Tuesday, December 13, 2011

A. O. Scott picks Pulp Fiction and other links

---A. O. Scott picks Pulp Fiction

---how Elvis Costello got banned from Saturday Night Live

---Chaos Cinema Part 3

---celebrities on the subway

---Chinese Army in Texas

---Lethem's "The Ecstasy of Influence: a Plagiarism":

"I was born in 1964; I grew up watching Captain Kangaroo, moon landings, zillions of TV ads, the Banana Splits, M*A*S*H, and The Mary Tyler Moore Show. I was born with words in my mouth—`Band-Aid,' `Q-tip,' `Xerox'—object-names as fixed and eternal in my logosphere as `taxicab' and `toothbrush.' The world is a home littered with pop-culture products and their emblems. I also came of age swamped by parodies that stood for originals yet mysterious to me—I knew Monkees before Beatles, Belmondo before Bogart, and “remember” the movie Summer of '42 from a Mad magazine satire, though I've still never seen the film itself. I'm not alone in having been born backward into an incoherent realm of texts, products, and images, the commercial and cultural environment with which we've both supplemented and blotted out our natural world. I can no more claim it as “mine” than the sidewalks and forests of the world, yet I do dwell in it, and for me to stand a chance as either artist or citizen, I'd probably better be permitted to name it.

Consider Walker Percy's The Moviegoer:

`Other people, so I have read, treasure memorable moments in their lives: the time one climbed the Parthenon at sunrise, the summer night one met a lonely girl in Central Park and achieved with her a sweet and natural relationship, as they say in books. I too once met a girl in Central Park, but it is not much to remember. What I remember is the time John Wayne killed three men with a carbine as he was falling to the dusty street in Stagecoach, and the time the kitten found Orson Welles in the doorway in The Third Man.'

Today, when we can eat Tex-Mex with chopsticks while listening to reggae and watching a YouTube rebroadcast of the Berlin Wall's fall—i.e., when damn near everything presents itself as familiar—it's not a surprise that some of today's most ambitious art is going about trying to make the familiar strange. In so doing, in reimagining what human life might truly be like over there across the chasms of illusion, mediation, demographics, marketing, imago, and appearance, artists are paradoxically trying to restore what's taken for `real' to three whole dimensions, to reconstruct a univocally round world out of disparate streams of flat sights.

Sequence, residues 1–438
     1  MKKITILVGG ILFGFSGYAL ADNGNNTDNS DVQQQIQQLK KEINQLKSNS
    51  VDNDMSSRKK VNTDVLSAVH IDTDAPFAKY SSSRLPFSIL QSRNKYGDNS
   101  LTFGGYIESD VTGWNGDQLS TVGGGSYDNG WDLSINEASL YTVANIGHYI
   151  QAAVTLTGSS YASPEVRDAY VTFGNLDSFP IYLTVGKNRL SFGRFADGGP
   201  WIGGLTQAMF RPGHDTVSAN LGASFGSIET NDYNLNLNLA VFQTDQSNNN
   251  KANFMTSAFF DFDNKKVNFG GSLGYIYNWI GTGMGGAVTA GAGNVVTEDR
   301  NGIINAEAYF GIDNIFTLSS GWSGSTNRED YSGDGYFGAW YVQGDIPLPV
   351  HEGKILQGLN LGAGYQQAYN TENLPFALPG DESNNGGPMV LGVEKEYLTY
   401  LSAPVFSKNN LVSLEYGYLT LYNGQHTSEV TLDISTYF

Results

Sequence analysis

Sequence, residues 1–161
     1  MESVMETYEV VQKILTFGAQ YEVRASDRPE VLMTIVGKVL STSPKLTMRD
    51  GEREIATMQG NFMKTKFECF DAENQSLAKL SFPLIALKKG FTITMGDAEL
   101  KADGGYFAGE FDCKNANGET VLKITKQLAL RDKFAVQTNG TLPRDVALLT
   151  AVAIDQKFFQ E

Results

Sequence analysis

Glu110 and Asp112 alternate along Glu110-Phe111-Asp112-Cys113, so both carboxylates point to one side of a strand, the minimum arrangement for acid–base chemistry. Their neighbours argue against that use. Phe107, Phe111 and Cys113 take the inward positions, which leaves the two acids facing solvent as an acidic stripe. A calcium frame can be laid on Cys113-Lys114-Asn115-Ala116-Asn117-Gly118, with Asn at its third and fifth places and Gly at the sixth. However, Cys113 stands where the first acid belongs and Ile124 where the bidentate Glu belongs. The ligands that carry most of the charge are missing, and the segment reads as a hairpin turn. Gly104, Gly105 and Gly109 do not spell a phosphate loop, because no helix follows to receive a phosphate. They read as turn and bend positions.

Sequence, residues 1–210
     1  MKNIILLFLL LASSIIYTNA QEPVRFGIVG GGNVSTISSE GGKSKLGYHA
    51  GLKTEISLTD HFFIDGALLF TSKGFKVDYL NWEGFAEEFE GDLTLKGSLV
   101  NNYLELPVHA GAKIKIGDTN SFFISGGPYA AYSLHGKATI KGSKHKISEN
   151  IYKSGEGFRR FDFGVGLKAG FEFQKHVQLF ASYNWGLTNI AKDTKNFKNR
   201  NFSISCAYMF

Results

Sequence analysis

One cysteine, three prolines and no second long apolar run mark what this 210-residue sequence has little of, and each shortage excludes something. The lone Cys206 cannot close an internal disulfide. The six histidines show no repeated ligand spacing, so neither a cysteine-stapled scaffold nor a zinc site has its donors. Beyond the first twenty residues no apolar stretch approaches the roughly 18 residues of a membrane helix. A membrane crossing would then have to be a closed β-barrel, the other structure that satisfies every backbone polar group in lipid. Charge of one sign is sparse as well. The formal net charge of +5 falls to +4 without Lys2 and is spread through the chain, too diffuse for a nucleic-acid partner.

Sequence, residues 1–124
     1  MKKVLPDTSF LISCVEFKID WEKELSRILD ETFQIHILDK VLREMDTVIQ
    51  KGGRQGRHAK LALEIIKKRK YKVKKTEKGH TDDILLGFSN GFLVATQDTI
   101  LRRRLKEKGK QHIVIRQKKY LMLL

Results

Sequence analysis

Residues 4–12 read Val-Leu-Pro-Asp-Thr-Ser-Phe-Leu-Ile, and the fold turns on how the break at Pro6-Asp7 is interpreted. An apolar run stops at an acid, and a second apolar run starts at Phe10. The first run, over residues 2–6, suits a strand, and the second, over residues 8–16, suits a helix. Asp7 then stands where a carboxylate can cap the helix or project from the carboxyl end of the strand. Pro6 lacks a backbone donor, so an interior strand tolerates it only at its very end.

Whatever charge of tastelessness or trademark violation may be attached to the artistic appropriation of the media environment in which we swim, the alternative—to flinch, or tiptoe away into some ivory tower of irrelevance—is far worse. We're surrounded by signs; our imperative is to ignore none of them."

---The Dark Knight Rises and hooded prisoners on a CIA plane

---what indefinite detention looks like

---the ParaNorman and Perfect Sense trailers

---Brian Eno's oblique strategies

---Jenny Turner's "As Many Pairs of Shoes as She Likes"

---"One of the greatest fears is that with the disappearance of the Arctic sea-ice in summer, and rapidly rising temperatures across the entire region, which are already melting the Siberian permafrost, the trapped methane could be suddenly released into the atmosphere leading to rapid and severe climate change."

---"Raiding the Lost Ark: A Filmumentary"

---an interview with David Graeber:

"Well, if you look at the size of US deficit it corresponds almost exactly to the real saw military budget. If you look at graphs showing the growth of the US deficit, and the percentage of it held overseas, and the US military spending—basically, you see almost exactly the same curve. So basically, foreign governments and institutional lenders are buying US treasury bonds and paying for this enormous military spending. So, who are the guys doing it? Well during the cold war it was especially West Germany, now, apart from China, the most important are places like Japan, South Korea, Taiwan, the Gulf states. What do these states have in common? They’re all covered in US military bases, or under US military protection. The US is borrowing the money to create these military bases from the very countries that the US military is sitting on top of. In the past, such arrangements were called ‘empires’ and the money sent over was referred to as ‘tribute.’ Now apparently you're not allowed to use that language, so it’s called a ‘loan.’ Nonetheless, that link between the military and the core of the financial system remains, it’s the thing we’re not supposed to think about."

---"The great contemporary terror is anonymity."

2 comments:

theincredibletide said...

I also grew up watching M*A*S*H. Some time ago, when I was living in Sweden, they were broadcasting the series again, late in the night. I was staying up just to watch it!

FilmDr said...

I prefer the movie to the TV show.